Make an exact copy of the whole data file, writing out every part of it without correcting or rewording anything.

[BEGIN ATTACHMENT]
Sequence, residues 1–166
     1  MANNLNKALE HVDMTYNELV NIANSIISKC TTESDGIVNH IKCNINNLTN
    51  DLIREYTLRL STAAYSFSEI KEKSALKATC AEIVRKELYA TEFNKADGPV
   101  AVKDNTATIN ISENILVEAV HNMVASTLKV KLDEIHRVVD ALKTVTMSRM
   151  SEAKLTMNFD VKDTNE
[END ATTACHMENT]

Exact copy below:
Sequence, residues 1–166
     1  MANNLNKALE HVDMTYNELV NIANSIISKC TTESDGIVNH IKCNINNLTN
    51  DLIREYTLRL STAAYSFSEI KEKSALKATC AEIVRKELYA TEFNKADGPV
   101  AVKDNTATIN ISENILVEAV HNMVASTLKV KLDEIHRVVD ALKTVTMSRM
   151  SEAKLTMNFD VKDTNE